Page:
Boxing

Class of 2015 is aiming to put Frampton's record in shade

James McGivern (above and below) trains at Jordanstown before Northern Ireland's Commonwealth Youth Games team flew out to Australia for a training camp
Picture: Hugh Russell
Neil Loughran

CARL FRAMPTON picked up a bronze medal at the Commonwealth Youth Games in 2004 – but the current crop of bright young things from the North have only gold in their sights.

‘The Jackal’ lost out to Scotland’s Jason Hastie at the semi-final stage in the Australian city of Bendigo 11 years ago, but the IBF super-bantamweight champion has since gone on to conquer the professional world.

At the same Games, England’s James DeGale won gold. He is now a middleweight world champion, and another James gearing up for the first bell this weekend is hoping to make a similar impact.

James McGivern, Team NI’s bantamweight pick, is a slick counter-puncher – just like DeGale.

And, with the opening ceremony taking place today, the St George’s stylist believes he has the tools to go all the way in the Samoan capital Apia.

“I feel that on my day I can compete with anyone,” said the 17-year-old, who has been training with the rest of his team-mates at the Australian Institute of Sport in Canberra for the past fortnight.

“I’ve been at the Europeans three times, I’ll be going againt later this year to Poland [European Youth Championships]. I’ve been all around the world in the last few years, but this is the biggest yet.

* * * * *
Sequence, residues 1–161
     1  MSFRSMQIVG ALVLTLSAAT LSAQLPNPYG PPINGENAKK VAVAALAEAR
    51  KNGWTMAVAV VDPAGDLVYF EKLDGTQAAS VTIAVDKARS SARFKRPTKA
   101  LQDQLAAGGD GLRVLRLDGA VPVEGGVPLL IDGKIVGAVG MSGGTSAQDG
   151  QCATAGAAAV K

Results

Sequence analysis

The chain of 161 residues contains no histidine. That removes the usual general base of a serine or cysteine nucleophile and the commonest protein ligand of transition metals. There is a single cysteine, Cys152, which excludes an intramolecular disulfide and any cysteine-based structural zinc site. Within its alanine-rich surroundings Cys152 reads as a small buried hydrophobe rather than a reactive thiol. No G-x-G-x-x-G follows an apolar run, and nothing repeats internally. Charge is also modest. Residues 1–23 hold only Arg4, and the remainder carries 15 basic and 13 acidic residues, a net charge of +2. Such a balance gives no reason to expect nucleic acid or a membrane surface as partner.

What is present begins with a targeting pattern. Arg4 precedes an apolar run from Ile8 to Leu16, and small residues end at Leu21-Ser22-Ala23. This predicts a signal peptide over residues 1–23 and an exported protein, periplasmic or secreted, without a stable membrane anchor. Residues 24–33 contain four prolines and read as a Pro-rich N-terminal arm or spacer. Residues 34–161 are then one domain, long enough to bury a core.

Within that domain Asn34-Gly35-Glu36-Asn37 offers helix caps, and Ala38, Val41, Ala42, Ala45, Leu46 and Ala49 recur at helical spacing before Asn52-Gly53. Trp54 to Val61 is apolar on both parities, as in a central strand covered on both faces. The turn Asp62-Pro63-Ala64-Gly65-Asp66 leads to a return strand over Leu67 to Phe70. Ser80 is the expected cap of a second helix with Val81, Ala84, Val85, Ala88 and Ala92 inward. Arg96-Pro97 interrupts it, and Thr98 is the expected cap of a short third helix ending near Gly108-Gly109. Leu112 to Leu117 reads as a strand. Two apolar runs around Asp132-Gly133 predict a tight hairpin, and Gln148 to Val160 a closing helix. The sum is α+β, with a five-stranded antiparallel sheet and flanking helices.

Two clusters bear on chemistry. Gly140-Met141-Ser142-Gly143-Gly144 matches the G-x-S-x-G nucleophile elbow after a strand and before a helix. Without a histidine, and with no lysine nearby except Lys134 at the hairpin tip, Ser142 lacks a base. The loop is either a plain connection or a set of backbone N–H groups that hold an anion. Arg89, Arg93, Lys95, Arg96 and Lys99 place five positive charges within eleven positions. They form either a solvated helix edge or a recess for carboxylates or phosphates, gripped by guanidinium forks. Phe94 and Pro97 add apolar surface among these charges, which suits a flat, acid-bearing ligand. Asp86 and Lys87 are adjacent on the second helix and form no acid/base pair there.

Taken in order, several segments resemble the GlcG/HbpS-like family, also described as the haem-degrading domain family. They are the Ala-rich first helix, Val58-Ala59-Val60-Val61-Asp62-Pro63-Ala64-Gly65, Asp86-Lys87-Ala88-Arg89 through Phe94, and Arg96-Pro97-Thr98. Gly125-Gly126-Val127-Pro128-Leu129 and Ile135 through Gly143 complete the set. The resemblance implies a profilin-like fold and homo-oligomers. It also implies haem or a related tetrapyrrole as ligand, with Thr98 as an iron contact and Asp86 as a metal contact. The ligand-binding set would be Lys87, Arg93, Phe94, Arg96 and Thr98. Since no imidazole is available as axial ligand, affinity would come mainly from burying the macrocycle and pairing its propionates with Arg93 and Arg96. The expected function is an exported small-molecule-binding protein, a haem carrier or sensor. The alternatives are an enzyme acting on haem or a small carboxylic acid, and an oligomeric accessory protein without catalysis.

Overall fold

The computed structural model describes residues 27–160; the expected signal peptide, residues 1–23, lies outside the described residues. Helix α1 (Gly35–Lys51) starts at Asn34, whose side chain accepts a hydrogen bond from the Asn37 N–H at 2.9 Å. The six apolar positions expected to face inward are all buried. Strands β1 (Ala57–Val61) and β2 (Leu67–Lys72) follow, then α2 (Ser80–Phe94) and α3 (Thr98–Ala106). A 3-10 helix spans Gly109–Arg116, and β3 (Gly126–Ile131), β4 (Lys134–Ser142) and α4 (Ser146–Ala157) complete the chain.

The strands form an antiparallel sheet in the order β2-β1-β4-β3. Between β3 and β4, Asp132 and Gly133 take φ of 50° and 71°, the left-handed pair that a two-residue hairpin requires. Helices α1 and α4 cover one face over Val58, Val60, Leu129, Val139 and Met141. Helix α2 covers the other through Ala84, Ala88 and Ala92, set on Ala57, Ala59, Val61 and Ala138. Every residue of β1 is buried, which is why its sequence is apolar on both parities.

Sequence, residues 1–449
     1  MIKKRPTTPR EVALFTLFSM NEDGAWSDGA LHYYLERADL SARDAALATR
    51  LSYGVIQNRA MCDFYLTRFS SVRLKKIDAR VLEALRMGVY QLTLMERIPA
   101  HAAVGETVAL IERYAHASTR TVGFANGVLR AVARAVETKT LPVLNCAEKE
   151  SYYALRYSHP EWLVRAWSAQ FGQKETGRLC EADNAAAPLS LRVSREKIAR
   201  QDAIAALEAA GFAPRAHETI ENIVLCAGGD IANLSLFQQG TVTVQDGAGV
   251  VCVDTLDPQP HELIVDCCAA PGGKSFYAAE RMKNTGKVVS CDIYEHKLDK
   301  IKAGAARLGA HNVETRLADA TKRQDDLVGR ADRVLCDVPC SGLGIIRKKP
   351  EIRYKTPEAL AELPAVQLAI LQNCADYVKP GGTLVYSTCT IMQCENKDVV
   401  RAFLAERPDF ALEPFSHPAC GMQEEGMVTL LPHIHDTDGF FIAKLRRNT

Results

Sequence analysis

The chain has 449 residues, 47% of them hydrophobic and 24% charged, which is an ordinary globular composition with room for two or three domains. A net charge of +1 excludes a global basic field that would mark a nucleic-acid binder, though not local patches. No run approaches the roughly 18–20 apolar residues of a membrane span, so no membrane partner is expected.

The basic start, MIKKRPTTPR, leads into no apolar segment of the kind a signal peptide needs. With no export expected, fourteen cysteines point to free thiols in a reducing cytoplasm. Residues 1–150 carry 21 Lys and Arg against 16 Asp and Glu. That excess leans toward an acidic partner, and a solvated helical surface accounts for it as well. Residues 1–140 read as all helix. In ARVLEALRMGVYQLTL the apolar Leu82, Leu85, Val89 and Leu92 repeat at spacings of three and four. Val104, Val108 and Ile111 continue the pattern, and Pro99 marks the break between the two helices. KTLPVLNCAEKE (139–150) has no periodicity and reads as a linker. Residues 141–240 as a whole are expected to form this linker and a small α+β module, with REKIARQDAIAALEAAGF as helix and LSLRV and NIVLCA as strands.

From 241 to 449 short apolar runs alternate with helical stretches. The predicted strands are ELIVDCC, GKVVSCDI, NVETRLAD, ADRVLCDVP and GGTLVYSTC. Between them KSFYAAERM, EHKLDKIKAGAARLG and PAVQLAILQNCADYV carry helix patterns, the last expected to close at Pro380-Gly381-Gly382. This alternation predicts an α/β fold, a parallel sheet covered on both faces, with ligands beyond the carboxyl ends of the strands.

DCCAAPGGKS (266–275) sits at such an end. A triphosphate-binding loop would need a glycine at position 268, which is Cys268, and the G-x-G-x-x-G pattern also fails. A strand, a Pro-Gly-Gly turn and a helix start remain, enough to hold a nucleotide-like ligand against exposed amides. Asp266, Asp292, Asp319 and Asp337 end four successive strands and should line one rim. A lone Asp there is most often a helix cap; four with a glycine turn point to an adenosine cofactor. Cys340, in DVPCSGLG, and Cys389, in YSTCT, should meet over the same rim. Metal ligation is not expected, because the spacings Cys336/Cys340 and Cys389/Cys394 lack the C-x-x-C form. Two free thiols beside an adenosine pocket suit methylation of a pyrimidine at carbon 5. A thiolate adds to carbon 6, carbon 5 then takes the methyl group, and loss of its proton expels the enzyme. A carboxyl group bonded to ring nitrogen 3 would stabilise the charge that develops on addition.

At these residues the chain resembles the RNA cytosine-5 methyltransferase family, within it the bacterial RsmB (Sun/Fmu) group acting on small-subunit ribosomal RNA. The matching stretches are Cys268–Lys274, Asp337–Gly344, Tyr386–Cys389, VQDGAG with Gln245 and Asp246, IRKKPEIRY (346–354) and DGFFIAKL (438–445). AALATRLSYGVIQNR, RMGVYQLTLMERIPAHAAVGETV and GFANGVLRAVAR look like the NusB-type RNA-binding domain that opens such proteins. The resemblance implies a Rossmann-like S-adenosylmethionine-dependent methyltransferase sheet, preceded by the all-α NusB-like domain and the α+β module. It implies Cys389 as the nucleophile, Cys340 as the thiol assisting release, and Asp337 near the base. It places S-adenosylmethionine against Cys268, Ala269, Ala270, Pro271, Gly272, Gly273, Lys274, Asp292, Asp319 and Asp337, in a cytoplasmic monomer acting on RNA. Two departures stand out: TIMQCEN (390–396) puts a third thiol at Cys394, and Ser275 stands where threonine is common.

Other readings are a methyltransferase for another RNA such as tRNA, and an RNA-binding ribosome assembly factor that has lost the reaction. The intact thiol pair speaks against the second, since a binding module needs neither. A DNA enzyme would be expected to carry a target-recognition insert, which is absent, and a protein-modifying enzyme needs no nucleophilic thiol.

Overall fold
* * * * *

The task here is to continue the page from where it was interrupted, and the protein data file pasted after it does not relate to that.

“We’re all looking at the Commonwealth Games in 2018. Hopefully this will be preparation for that.

“You saw the buzz in Glasgow last year, and how well the team did under John [Conlan]. That would be an amazing experience.

“After that, like everybody else around my age, the aim is the Tokyo Olympics in 2020. That’s what I feel I’m working towards.”

After defeating team-mate Tiernan Bradley in the national U18s final, McGivern was guaranteed the 56kg spot.

There is no hint of awkwardness between the pair – Bradley got the nod at 60kg, and they sparred countless rounds during a two week training camp in Russia in July.

And the teenager feels he has really flourished under the watchful eye of the Irish Amateur Boxing Association’s man in Ulster, High Performance coach John Conlan.

“I’ve been on the Irish team for four or five years now, but working with John is a massive step up,” he said.

“This is my first year working with him in Jordanstown and the whole set up here is miles better than Dublin.

“Scientifically, the testing and all is top class. There’s nutritionists, physios, strength and conditioning coaches, and John obviously is a top class coach himself.”

In terms of McGivern’s approach going into these Games, Conlan has attempted to make a few tweaks here and there.

“I’ve always been a counter-puncher, but John’s trying to make me more aggressive because with the new scoring system, you have to be seen to be trying to win the fight.

“It’s worked. I notice myself going forward, being more aggressive, but I’m still balancing it with the counter-punching as well.”

An impromptu spar with Conlan’s son, Olympic bronze medallist Michael, gave McGivern an indication of how far he had come.

Conlan, one of the favourites for bantamweight gold in Rio next summer, was suitably impressed, and has tipped the teenager for big things.

“Unbelievable,” says McGivern.

“Even being able to tell people I was in the ring with him was class. It’s great being able to test yourself, technically, against boys like that. I’m sure the likes of that experience will stand to me.”

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